Opinion; The Independentarian

President Bush Questioned by Senator Suplicy (from 2005)

This essay was originally published in the USBIG NewsFlash in December 2005.


On November 6, at a conference on greater economic integration in the Americas in Brasilia, just after his 22 minutes conference in Brasilia, President Bush extended his hands Senator Suplicy, who asked:

Senator SUPLICY: “With respect to the integration of the Americas we should have the purpose of not only to have the free movement of capital, goods, and services, without any barriers but also and mainly of what is most important, that is, of human beings from Alaska to the Patagonia. More than that we should also have what you already have in Alaska with much success, a citizen’s basic income to all residents in that State.”
President Bush: “Well, in Alaska they have lots of oil.”
SUPLICY: “But we may have a basic income from all the forms of wealth that are created. I would like to suggest that in order to create the conditions for real peace based on justice in Iraq that we should stimulate the Iraqis to follow the example of Alaska that pays every year a basic income to all residents living in that State in the form of dividends that result from the Alaska Permanent Fund.”
BUSH: “We are working on that! We are working on that! Thank you.”

Suplicy also spoke about Brazil’s basic income at the Parliamentary Network Conference of the World Bank in Helsinki, Finland on October 21-23. About 180 members of the parliaments of about 100 countries of the world participated in the Conference. Senator Suplicy individually lobbied several members of parliaments on Basic Income. Suplicy presented the same lecture at the Austrian and Belgium Basic Income Network, in Vienna, October 9, and to the Training Department of the European Commission, on October 10.

Karl Widerquist

About Karl Widerquist

Karl Widerquist has written 931 articles.

Karl Widerquist is an Associate Professor of political philosophy at SFS-Qatar, Georgetown University, specializing in distributive justice—the ethics of who has what. Much of his work involves Universal Basic Income (UBI). He is a co-founder of the U.S. Basic Income Guarantee Network (USBIG). He served as co-chair of the Basic Income Earth Network (BIEN) for 7 years, and now serves as vice-chair. He was the Editor of the USBIG NewsFlash for 15 years and of the BIEN NewsFlash for 4 years. He is a cofounder of BIEN’s news website, Basic Income News, the main source of just-the-facts reporting on UBI worldwide. He is a cofounder and editor of the journal Basic Income Studies, the only academic journal devoted to research on UBI. Widerquist has published several books and many articles on UBI both in academic journals and in the popular media. He has appeared on or been quoted by many major media outlets, such as NPR’s On Point, NPR’s Marketplace, PRI’s the World, CNBC, Al-Jazeera, 538, Vice, Dissent, the New York Times, Forbes, the Financial Times, and the Atlantic Monthly, which called him “a leader of the worldwide basic income movement.” Widerquist holds two doctorates—one in Political Theory form Oxford University (2006) and one in Economics from the City University of New York (1996). He has published seven books, including Prehistoric Myths in Modern Political Philosophy (Edinburgh University Press 2017, coauthored by Grant S. McCall) and Independence, Propertylessness, and Basic Income: A Theory of Freedom as the Power to Say No (Palgrave Macmillan 2013). He has published more than a twenty scholarly articles and book chapters. Most Karl Widerquist’s writing is available on his “Selected Works” website (works.bepress.com/widerquist/). More information about him is available on his BIEN profile and on Wikipedia. He writes the blog "the Indepentarian" for Basic Income News.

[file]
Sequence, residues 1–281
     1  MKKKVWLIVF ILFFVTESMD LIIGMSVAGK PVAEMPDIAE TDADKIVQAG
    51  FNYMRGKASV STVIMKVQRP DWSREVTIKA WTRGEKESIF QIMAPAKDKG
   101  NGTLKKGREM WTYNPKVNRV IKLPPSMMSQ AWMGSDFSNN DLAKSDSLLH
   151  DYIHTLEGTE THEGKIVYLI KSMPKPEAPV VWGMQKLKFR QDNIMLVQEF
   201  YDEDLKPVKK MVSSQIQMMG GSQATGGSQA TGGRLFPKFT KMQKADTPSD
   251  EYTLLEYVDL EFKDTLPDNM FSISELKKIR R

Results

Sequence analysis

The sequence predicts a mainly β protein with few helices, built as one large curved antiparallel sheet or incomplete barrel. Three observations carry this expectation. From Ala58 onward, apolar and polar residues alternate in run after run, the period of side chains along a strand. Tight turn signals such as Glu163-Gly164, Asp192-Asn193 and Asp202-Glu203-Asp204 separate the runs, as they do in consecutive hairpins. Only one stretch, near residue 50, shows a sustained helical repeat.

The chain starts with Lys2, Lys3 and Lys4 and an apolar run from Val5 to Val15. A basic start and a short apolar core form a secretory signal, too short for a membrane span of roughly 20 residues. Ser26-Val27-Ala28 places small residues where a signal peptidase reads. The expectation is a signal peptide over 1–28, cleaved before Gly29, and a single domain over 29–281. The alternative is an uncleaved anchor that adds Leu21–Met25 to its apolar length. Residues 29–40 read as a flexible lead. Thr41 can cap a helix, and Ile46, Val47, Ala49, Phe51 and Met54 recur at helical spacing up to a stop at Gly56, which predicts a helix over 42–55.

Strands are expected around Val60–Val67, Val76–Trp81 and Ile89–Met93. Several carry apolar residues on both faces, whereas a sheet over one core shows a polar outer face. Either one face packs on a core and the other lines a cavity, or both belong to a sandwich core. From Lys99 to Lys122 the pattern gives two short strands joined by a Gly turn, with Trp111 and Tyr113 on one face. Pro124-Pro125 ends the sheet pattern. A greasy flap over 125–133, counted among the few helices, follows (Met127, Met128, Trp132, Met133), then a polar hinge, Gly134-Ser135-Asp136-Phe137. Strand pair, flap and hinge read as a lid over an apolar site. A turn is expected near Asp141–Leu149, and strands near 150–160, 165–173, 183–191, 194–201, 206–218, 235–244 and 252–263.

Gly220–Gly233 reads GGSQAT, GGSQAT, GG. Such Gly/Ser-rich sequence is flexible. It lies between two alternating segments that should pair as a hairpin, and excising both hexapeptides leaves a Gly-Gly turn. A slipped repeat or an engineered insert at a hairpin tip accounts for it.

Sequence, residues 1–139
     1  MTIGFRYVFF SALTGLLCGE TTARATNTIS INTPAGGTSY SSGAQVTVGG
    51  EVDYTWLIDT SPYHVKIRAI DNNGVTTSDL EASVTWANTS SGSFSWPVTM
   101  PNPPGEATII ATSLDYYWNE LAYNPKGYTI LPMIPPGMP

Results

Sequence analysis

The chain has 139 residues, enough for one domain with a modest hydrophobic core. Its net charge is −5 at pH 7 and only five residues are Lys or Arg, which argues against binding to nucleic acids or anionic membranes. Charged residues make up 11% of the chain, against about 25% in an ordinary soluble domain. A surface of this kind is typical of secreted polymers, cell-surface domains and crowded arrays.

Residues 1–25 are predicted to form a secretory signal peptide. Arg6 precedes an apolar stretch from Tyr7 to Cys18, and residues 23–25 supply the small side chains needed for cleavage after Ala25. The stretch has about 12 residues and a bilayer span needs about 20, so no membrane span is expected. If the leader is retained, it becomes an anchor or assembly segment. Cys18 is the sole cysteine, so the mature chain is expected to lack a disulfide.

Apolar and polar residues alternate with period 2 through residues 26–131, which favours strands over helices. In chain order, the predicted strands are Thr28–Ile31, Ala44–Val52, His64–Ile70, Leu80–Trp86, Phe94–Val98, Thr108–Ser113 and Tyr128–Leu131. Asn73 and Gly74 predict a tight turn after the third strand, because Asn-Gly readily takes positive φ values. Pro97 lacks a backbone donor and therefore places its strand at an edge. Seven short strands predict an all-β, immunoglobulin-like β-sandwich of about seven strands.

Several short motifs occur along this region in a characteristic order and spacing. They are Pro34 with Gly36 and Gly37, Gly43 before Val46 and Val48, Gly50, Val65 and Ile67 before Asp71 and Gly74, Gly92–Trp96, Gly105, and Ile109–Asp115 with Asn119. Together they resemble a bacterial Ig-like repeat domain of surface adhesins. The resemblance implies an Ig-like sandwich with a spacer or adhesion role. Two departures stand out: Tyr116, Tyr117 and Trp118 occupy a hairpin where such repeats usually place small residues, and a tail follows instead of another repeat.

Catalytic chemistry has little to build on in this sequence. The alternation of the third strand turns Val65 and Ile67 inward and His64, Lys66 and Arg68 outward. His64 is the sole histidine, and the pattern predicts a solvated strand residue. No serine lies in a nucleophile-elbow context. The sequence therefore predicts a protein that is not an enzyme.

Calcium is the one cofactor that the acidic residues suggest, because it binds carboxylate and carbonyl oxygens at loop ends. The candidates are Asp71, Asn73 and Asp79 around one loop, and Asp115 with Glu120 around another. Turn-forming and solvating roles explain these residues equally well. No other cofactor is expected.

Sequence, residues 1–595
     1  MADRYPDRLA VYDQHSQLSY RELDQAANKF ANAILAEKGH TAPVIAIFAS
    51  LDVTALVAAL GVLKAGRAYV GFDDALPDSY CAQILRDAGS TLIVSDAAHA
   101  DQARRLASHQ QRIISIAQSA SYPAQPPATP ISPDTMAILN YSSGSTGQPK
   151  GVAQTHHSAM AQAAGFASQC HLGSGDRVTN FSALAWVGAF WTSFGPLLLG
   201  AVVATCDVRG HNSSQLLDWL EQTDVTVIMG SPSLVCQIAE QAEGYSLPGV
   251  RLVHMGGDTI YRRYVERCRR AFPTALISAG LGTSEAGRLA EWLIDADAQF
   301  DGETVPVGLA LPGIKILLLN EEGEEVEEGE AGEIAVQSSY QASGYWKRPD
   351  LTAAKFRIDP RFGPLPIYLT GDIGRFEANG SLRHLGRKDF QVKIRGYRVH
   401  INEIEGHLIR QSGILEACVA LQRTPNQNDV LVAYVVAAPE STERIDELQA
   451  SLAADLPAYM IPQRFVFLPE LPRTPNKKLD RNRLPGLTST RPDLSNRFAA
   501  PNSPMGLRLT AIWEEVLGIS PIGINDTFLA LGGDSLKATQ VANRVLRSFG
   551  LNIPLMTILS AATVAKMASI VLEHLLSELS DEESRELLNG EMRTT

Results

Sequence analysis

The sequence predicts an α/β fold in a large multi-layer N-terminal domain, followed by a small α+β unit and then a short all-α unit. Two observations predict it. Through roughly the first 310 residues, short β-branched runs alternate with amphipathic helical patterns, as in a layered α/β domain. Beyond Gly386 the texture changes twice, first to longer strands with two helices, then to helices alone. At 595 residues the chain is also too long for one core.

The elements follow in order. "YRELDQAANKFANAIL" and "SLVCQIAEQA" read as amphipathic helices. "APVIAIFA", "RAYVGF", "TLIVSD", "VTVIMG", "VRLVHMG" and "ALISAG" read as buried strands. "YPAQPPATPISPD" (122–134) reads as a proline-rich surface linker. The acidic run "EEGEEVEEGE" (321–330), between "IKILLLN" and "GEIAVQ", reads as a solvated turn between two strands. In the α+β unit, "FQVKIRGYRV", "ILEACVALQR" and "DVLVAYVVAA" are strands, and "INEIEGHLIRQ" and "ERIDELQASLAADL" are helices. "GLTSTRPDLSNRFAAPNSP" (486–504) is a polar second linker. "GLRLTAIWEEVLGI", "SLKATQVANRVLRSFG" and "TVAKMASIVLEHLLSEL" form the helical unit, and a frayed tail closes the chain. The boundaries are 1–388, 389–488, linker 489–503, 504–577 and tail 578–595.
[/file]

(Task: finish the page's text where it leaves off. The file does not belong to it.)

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The views expressed in this Op-Ed piece are solely those of the author and do not necessarily represent the view of Basic Income News or BIEN. BIEN and Basic Income News do not endorse any particular policy, but Basic Income News welcomes discussion from all points of view in its Op-Ed section.

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